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I'm building a program which sends commands to multiple servers with as less as possible user intervention. For this program, I use subprocess to send commands through SSH.

The interacted servers are many and dynamics. The program will be used mainly by my team members in my company. Most of the servers have the right file at /root/.ssh/authorized_keys and the program works great with them.

But some servers weren't installed well and we can't connect them using SSH without entering root password. The SSH password prompts hangs at the moment it needs to ssh.stdout.readlines() of the "problematic server".

How can I make sure the program will ignore, skip and keep going with the code each time it faces a server that prompts for root password because of keys issue and won't hang on the password prompt?

Here is my code:

#!/usr/bin/python
from socket import socket
import subprocess, os
def run_command():
ipList = input_ip_addresses() ### A function that receive from the user an infinite loop 
                              ### of ip addresses and then returns the ip addresses 
                              ### as a list.
print '\n Type Linux commands. Type "end" to finish entering commands.'
cmds = []
while True:
    userInput = raw_input("> ")
    if userInput.lower() == "end":
        break
    cmds.append(userInput)
print '\nThanks! Working...\n'
for ipAddr in ipList:
    badConnection = 0
    s = socket()
    s.settimeout(2)
    for currentPort in ("22", "22222"):
        print "INFO: Trying to connect to: {} with port {}".format(ipAddr, currentPort)
        try:
            portSocket = int(currentPort)
            s.connect((ipAddr, portSocket))
            s.close()
        except:
            badConnection += 1
            print "ERROR: Could not connect to {} with port {}".format(ipAddr, currentPort)
            if badConnection == 1:
                continue
        if badConnection == 2:
            break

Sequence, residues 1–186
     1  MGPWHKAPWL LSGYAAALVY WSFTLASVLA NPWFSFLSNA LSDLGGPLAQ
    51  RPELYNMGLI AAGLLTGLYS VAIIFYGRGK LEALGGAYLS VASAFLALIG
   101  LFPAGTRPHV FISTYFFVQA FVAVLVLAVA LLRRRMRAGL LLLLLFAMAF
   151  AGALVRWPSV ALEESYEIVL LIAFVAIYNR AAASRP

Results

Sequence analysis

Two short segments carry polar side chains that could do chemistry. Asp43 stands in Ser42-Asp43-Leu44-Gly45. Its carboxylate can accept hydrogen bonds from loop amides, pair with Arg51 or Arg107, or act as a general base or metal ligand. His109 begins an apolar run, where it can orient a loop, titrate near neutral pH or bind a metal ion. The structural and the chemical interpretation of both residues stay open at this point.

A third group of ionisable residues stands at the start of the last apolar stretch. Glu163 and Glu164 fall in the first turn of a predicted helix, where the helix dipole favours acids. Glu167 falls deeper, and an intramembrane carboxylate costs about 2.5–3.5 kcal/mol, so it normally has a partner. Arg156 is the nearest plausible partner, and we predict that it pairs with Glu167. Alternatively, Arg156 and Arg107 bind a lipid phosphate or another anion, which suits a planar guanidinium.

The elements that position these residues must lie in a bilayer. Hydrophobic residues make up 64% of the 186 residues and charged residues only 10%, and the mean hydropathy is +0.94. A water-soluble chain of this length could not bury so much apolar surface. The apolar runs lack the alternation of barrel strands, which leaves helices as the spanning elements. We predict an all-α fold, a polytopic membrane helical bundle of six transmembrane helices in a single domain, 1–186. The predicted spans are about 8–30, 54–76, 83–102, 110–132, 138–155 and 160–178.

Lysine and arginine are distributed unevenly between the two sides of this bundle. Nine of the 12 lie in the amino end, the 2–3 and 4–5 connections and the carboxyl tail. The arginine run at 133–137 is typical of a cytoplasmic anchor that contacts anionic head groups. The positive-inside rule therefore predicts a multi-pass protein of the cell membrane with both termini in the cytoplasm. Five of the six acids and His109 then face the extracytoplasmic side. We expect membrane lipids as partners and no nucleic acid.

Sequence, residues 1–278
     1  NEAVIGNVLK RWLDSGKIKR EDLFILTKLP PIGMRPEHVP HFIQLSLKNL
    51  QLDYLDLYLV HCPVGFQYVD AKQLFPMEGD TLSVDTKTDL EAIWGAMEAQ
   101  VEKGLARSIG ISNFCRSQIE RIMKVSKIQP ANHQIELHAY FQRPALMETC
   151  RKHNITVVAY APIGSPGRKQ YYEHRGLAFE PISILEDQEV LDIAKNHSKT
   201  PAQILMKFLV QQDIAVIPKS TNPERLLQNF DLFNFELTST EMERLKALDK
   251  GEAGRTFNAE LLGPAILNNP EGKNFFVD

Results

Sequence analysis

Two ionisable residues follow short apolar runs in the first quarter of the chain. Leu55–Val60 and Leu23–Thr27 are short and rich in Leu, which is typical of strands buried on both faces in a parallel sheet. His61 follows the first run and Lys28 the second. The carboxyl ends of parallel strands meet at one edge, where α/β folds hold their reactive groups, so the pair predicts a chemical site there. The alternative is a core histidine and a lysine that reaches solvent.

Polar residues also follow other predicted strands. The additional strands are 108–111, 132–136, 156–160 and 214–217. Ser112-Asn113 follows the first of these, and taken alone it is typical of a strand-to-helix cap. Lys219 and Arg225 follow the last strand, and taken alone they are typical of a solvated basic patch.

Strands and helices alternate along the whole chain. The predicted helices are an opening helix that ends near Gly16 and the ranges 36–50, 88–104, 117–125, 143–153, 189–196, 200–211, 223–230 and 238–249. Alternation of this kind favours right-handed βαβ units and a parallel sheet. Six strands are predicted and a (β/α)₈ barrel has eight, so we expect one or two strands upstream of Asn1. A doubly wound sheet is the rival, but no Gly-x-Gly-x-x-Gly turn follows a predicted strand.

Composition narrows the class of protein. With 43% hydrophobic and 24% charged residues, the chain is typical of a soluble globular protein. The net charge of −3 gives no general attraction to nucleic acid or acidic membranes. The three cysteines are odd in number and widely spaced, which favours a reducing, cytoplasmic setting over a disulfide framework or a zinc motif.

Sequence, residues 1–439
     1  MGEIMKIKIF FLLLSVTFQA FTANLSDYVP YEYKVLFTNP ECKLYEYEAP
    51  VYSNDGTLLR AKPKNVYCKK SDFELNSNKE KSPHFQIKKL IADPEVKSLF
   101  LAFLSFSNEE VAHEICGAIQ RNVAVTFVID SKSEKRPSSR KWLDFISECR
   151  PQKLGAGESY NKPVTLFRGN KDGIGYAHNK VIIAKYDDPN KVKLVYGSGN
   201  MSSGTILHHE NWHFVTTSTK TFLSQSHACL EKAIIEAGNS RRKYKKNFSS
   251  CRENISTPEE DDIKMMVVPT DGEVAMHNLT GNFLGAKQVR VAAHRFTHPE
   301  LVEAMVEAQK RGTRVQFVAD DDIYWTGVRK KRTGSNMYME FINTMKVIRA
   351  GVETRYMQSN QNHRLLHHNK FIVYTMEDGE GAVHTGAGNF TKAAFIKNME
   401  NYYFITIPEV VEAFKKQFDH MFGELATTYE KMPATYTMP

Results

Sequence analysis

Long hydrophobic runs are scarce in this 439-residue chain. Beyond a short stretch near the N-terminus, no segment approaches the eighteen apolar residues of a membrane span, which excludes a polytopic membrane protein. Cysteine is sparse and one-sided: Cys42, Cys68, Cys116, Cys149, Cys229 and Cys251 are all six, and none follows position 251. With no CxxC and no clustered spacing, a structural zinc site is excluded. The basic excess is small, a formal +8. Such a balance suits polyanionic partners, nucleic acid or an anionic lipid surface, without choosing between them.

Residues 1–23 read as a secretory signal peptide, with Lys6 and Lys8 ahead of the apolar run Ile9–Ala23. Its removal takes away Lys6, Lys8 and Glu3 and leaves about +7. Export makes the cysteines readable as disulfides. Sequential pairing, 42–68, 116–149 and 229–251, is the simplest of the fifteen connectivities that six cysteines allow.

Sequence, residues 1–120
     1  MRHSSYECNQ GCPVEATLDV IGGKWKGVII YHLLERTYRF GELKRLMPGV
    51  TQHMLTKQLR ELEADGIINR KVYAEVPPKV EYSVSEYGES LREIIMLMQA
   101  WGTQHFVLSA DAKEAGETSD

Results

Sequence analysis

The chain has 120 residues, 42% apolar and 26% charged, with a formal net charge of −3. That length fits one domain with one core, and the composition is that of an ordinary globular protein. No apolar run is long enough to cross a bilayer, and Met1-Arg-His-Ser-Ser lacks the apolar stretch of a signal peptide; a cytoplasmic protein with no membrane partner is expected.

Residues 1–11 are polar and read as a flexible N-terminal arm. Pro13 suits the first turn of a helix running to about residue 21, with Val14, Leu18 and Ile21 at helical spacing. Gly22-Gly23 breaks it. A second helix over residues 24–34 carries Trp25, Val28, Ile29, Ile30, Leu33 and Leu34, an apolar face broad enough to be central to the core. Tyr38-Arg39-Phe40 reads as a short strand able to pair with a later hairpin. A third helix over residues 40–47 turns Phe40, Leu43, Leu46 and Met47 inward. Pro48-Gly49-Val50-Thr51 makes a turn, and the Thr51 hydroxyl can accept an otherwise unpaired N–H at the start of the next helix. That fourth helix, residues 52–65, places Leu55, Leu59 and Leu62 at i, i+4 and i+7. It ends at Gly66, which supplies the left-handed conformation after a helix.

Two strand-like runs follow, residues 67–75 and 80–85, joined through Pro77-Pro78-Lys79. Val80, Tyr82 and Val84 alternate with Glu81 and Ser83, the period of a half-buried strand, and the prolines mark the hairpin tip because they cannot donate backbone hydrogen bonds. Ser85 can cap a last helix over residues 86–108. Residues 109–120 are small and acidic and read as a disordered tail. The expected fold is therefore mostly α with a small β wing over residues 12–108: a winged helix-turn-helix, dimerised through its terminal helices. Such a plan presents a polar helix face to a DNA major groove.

for cmd in cmds:
            ssh = subprocess.Popen(['ssh', ipAddr, "-p", currentPort], stdin=subprocess.PIPE, stdout=subprocess.PIPE, stderr=subprocess.PIPE, universal_newlines=True, bufsize=0)
            finalCMD = "{} \n".format(cmd)
            ssh.stdin.write(finalCMD)
            ssh.stdin.close()
            sshOutput = ssh.stdout.readlines()
            sshError = ssh.stderr.readlines()
            if len(sshError) > 0:
                for msg in sshError:
                    print msg
            if len(sshOutput) > 0:
                for msg in sshOutput:
                    print msg
            if len(sshOutput) == 0 and len(sshError) == 0:
                msg = 'Command executed successfully'
                print msg
        break
    if badConnection == 2:
        continue

Additionally some servers work with port 22 and some with port 22222, so that is why the there is a "CurrentPort" condition.

  • Please remove all the superfluous empty lines from your code. This is unnecessarily hard to read. As far as I can tell, you forgot to actually ask a question (that is, a sentence with a question mark ? at the end that we can answer). – Marcus Müller Aug 19 '17 at 9:48
  • @MarcusMüller Thanks, I fixed it. – Gadi Tabak Aug 19 '17 at 9:59
  • The BatchMode might be usefull: serverfault.com/questions/61915/… – VPfB Aug 19 '17 at 13:06
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ssh has several options to make batch processing better; man ssh is your friend, and no matter whether what I write below, you should definitely read it:

With the -o option, you can specify any option that you could have in your ssh_config. Again, documentation is your friend, and you should have read man ssh and man ssh_config. In your particular case, you'd want

['ssh', '-o', 'PasswordAuthentication=No', ipAddr, "-p", currentPort]

to completely disable Password-based logins.

Anyway, maybe you'd rather not want to spawn an SSH process for every connection, if this is a high throughput thingie. Have a look at python SSH libraries - paramiko seems to be the library of choice for the things you're trying to do!

Taking another step back to look at the thing you want to build: you're reinventing the wheel. Try ansible. It's exactly what you do – controlling lists of hosts, it's a bit focussed on system maintenance, so it's really easy to e.g. make lists of packages you want to have installed on every machine, modifications to config files to do, and services to start, without having too care about very much about target system details.

  • Thanks a lot! Adding the "PasswordAuthentication=No" did the job. Now I have an error of publickey,password but this kind of thing I know how to handle. Thanks again :) – Gadi Tabak Aug 19 '17 at 11:34

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